Plog 12th August 2012

August 12th, 2012 Posted in Uncategorized

My friend, Stephanie Clifton, ( has just posted a thought-provoking picture on FaceBook:

Now Einstein is preoccupying me a bit at the moment.  He seemed to have something to say about everything.  I suppose ideally we should all know something about everything and everything about something; but let us get back to the bee.  This is not a political statement; it is a story I made  up on my feet, on the cliffs in Cornwall, when my niece, Etta, asked me to tell her ‘the story about the butterfly’, and I did not know which butterfly she had been introduced to:


Petal was a pastel pink butterfly,
who spent the summer sipping pollen
from the blooms of pretty flowers
in the sunshine by the sea.

Her favourite flower was the pale pink pom-pom plant,
which bounced back: boing, boing, boing,
when the wind blew a blizzard.
“Resilient” said Dr Bee, but he was a bit of a big-head.

Petal was humming happily around the herb garden.
She landed on the long leaved leeks,
but they smelt a bit like onion,
so she drifted dreamily towards the honey-scented gorse.

It was a sweet, sugary smell,
like a mixture of pineapple juice
and banana custard.
Petal lapped it up with gratitude.

But maybe Mrs Blackbird also liked the smell,
or maybe she was aiming for butterflies
rather than flowers, because suddenly a
big black beak came straight towards Petal,
pointed like a javelin.

Petal was petrified.
She could hardly move at all at first,
but when she could, her wing jolted very suddenly
and got cut by a spike of gorse.

Petal couldn’t fly properly after that
so she fell down like a dead leaf in the autumn
and landed, plonk, on a big wide fold of the pom-pom plant.

“Hydrangea”, said Dr Bee impressively.
He liked to tell everyone else what they ought to say,
but maybe he was just showing off.
Anyway, right now Petal was in no mood for lectures.
She wanted someone to mend her wing.

“Dear kind Dr Bee,” said Petal
“That’s me” said Dr Bee.  “I be he.”
“Dr Bee, I be hurt” said Petal.
“Badly hurt, and I need some medical attention.”

“Oh dear, oh dear,” said Dr Bee.
“You see my wing, doctor?
It got all shredded by the gorse bush
and it’s now in strips and stripes.”

Dr Bee put on his monocle and examined the damage.
He came out with more long words,
which no-one knew the meaning of,
interspersed regularly with “Oh dear, oh dear,”
which didn’t sound very encouraging.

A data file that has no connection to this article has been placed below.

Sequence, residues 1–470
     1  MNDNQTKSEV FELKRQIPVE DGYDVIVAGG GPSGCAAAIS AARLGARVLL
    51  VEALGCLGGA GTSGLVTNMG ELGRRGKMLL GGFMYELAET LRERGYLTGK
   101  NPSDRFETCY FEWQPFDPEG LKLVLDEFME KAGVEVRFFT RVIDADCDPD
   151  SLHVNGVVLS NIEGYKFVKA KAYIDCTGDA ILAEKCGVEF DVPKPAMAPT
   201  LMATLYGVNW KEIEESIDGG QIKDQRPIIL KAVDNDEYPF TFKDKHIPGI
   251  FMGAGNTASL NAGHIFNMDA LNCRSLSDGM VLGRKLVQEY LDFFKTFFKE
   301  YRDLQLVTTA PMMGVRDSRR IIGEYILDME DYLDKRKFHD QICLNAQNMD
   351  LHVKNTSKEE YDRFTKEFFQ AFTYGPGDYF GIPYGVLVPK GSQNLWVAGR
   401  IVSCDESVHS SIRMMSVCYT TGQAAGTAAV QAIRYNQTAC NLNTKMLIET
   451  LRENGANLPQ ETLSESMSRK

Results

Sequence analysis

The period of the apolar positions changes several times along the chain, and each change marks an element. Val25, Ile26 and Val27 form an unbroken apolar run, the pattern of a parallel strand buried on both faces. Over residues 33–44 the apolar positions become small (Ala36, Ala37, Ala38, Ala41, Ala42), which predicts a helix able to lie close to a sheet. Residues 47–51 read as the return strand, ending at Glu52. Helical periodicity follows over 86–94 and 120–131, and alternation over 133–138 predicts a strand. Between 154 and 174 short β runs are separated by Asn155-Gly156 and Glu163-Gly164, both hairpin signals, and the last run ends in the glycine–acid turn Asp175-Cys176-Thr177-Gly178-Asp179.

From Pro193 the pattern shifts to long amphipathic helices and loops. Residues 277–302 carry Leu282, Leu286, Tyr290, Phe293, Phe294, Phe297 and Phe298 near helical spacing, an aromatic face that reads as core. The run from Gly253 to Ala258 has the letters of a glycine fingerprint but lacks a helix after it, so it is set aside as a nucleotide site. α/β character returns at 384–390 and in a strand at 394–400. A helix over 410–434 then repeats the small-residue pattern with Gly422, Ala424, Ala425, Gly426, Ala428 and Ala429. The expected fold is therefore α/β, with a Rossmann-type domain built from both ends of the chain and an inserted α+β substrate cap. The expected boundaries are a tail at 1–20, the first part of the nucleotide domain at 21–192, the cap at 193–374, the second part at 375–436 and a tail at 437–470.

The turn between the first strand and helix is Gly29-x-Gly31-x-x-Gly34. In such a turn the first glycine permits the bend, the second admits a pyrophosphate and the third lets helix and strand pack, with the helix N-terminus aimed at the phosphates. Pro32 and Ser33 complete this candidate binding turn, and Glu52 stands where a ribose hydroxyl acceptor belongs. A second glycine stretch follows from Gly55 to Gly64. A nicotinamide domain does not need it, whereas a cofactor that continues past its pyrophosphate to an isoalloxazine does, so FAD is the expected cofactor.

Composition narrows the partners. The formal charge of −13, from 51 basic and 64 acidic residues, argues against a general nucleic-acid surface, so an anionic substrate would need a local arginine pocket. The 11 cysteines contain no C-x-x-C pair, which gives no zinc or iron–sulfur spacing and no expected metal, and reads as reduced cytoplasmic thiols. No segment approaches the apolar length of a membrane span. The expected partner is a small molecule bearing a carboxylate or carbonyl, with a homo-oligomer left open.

He had to flap back for his brief-case
in search of a needle and thread.
But the needle was missing.
“Oh dear, Oh dear”, said the Doctor.
“I could glue it on with honey but it wouldn’t last for long.”

Petal was a little peevish by then.
“Oh doctor, oh doctor, ” said the patient.
“It’s a pity there’s no needle
because a butterfly needs two wings.
If you really cannot help me
I’ll be the only butterfly who cannot fly
and they’ll call me buttercrawl!”

“Calm down, please do, calm down”
said the Dr Bee so earnestly.
“Because  I cannot buy a needle –
at least not until next fall.
But I’ll warrant you we will make do.
I’m a Doctor Bee on call.”

True to his word he plucked a piece of gorse bush,
sharp as needles, which he threaded.
He hadn’t got a spare wing
but his caring was evident.

“See?  The wing is badly broken and we need new tissue.”
He went to the hydrangea and plucked a new pink piece
“But I’d really love a blue one to balance with the pink.”
“In that case you shall have one.  I have no issue with that.”

Then he threaded the gorse with cotton
and carefully stitched the wing together tight.
Petal couldn’t believe it.  Her peevishness forgotten,
She was air-borne with delight!

And the pale pink and blue pom-pom plant
bowed its bloom in order to bless
Petal’s new shades of pastel
in her camouflaged new dress.

One pink; one blue.  She now knew left and right
Petal drifted in the bliss of the sun
Like a bouquet of mist that’s not too bright
And they all wanted to join her for fun.

Pollen performed attractive pirouettes
Inebriating blackbirds on the wing
And again the midsummer scene was set
For the butterflies to silently sing.

I hope you enjoyed it.

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  1. Starrdusk
    12. August 2012

    Wonderful. I enjoyed it very much

  2. Dixie
    12. July 2013

    “For the butterflies to silently sing.” You knew that would catch me up didn’t you? Lovely story to make up on your feet and out of your heart. I wonder how many pompous bees are really just trying to cover up how very much they do care.

  3. Katrina
    13. July 2013

    Yes. Once the messenger has been shot, it could be hard to redirect the message.

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